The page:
In the 1988 elections, CA Perez, also of Accion Democratica, prevailed but disappointed the voters because he was unable to repeat the shrewd economic policy of the past.

In March 1989 a state of emergency was proclaimed which culminated in a general strike.
In this situation, a coup took place on the night between 3 and 4 February 1992 and Perez was saved from the troops remained loyal to him. He tried to regain the country’s trust by making promises he could not keep. Instead, all the leftist parties swelled so much that A. Isturiz, leader of ‘Causa Radical ”(CR) was elected mayor of Caracas. And when in March 1993 Perez was even accused of embezzlement, the Senate dismissed him and replaced him with Senator RJ Velasquez, who proposed some drastic measures to be applied immediately to improve the situation.

But this also provoked very strong popular protests and in the subsequent elections of December 1993, R.Caldera Rodriquez (a former president) imposed himself, who in March 1994 promulgated an emergency financial law aimed at obtaining special state control powers over the Banks in order to tame the financial crisis that broke out due to the bankruptcy of Banco Latino, the country’s second largest commercial bank.

The political and economic situation, after the financial crisis, required the president to take on special powers, including the massive use of anti-crime forces in order to eradicate corruption. There was great popular discontent and in fact in the 1995 elections, both administrative and regional, there was a 40% abstention.

On the other hand, the Socialist Movement was strengthened, whose founder, T. Petkoff, a former guerrilla, in the government reshuffle of March 1996, won the dicastery of Economic Planning. In the same year Caldera had to resort to the International Monetary Fund for a large loan, and this operation also swelled the anti-government protests and in August 1997 a general strike was proclaimed, especially after a strong increase in the price of gasoline.

To remedy, at least in part, this state of affairs, the government, together with the unions and entrepreneurs, undertook to draw up a pension reform and granted wage increases in the public sector.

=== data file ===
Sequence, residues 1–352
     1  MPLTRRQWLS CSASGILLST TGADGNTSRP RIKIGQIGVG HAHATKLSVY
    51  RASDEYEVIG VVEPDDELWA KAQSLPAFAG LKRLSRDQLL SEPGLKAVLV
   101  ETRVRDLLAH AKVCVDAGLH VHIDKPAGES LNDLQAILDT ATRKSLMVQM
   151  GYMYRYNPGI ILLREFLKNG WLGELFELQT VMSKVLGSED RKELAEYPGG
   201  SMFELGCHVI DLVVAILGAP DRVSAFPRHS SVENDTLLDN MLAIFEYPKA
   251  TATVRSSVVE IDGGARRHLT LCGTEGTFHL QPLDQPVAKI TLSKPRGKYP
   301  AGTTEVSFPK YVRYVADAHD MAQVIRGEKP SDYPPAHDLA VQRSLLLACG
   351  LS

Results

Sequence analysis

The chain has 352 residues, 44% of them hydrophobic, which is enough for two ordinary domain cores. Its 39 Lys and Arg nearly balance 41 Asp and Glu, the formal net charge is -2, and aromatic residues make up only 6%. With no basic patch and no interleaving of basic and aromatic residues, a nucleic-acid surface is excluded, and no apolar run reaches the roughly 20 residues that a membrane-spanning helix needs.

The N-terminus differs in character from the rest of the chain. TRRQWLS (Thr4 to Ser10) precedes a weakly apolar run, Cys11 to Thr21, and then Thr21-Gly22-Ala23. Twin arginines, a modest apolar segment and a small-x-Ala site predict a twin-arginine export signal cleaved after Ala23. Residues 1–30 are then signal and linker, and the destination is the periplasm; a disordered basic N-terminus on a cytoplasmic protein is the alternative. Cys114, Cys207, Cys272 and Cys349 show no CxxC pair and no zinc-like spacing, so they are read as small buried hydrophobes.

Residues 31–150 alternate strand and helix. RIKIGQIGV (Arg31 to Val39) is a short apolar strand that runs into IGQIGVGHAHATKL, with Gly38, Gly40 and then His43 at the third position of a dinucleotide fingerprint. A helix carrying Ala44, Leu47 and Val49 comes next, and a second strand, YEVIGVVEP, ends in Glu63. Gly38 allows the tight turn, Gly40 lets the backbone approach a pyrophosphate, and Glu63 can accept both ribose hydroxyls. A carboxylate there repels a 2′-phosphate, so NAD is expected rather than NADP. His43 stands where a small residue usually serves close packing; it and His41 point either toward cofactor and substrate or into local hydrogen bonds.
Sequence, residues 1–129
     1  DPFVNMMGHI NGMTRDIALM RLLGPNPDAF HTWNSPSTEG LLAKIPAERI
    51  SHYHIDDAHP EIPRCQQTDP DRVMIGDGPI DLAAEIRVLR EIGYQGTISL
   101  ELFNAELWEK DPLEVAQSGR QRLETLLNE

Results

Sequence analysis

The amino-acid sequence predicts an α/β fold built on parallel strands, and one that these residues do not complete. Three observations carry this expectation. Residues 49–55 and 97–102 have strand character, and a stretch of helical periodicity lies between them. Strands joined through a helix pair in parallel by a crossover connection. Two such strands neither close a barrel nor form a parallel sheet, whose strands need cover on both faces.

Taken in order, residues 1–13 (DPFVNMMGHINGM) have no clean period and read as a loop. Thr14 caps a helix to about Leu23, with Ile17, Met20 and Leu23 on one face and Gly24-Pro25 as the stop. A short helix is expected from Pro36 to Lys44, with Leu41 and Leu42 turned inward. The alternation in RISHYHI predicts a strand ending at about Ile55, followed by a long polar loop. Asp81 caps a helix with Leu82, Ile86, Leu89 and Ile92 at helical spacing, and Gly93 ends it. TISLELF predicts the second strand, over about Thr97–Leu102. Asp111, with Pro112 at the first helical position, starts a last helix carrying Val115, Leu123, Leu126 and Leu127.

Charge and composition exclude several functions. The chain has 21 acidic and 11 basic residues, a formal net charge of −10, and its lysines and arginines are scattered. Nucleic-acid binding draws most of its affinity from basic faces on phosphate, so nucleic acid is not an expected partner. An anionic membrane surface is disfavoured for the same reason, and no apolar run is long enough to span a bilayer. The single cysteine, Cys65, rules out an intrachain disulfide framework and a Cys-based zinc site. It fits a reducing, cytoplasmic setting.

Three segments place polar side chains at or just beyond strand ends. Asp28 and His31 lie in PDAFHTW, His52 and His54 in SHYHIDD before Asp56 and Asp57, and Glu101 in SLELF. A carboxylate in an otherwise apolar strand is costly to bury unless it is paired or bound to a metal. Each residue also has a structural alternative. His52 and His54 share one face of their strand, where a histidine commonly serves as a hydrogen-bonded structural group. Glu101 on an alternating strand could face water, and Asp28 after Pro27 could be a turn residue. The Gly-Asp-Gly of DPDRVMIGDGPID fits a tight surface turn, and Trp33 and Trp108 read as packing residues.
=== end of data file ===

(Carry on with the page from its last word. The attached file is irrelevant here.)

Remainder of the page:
But Caldera also made the mistake of restoring freedom to the advocates of the 1992 coup; the former chief of these, Chavez, immediately resumed the political struggle by founding a new Republican Movement in 1998 and allied himself with the Patriotic Pole, a pure nationalist brand.

The latter, in November 1998, won the regional elections and had a majority in the legislative elections, where the Chavez Movement was in second place, behind Democratic Action.

In the vicinity of the presidential elections, scheduled for December 1998, Chavez promised the people institutional reforms that would guarantee the application of better rules in justice, the recovery of the economy through the fight against oversized “neoliberalism”, but above all reassured the country on the need to renew the entire Constitution in just six months.

Since Chavez seemed destined to win the elections, the other historical parties, aware of their powerlessness, withdrew their candidates and asked that their supporters’ votes converge on another politician: H. Salas Romer, independent, who seemed to have ample opportunity to thwart the pass in Chavez.

This maneuver, however, betraying the weakness and opportunism of the leaders of those parties, had the opposite effect. Chavez won the elections with more than 56% of the votes and immediately set about forming a new government in which, for the first time, an Indian representative entered: AU Pocaterra, who was entrusted with the department for the Environment and Natural Resources.


On July 25, 1999 there were new elections for the distribution of seats in the National Assembly and the Patriotic Pole won 121 out of 128 seats.

Immediately the Assembly, by means of a special Commission, removed from the Congress those judges who had been found to be corrupt, completely renewed the Constitution, then passed with 71% of the consensus to the popular referendum specifically called and called the State “Bolivarian Republic of Venezuela” in honor of Simon Bolivar, the national hero to whom Venezuela was freed from Spanish rule.

Another important institutional change occurred with the suppression of the Senate. And then again the state’s control over oil production was increased and the permanence for two consecutive terms, of 6 years each, to the president in office was sanctioned.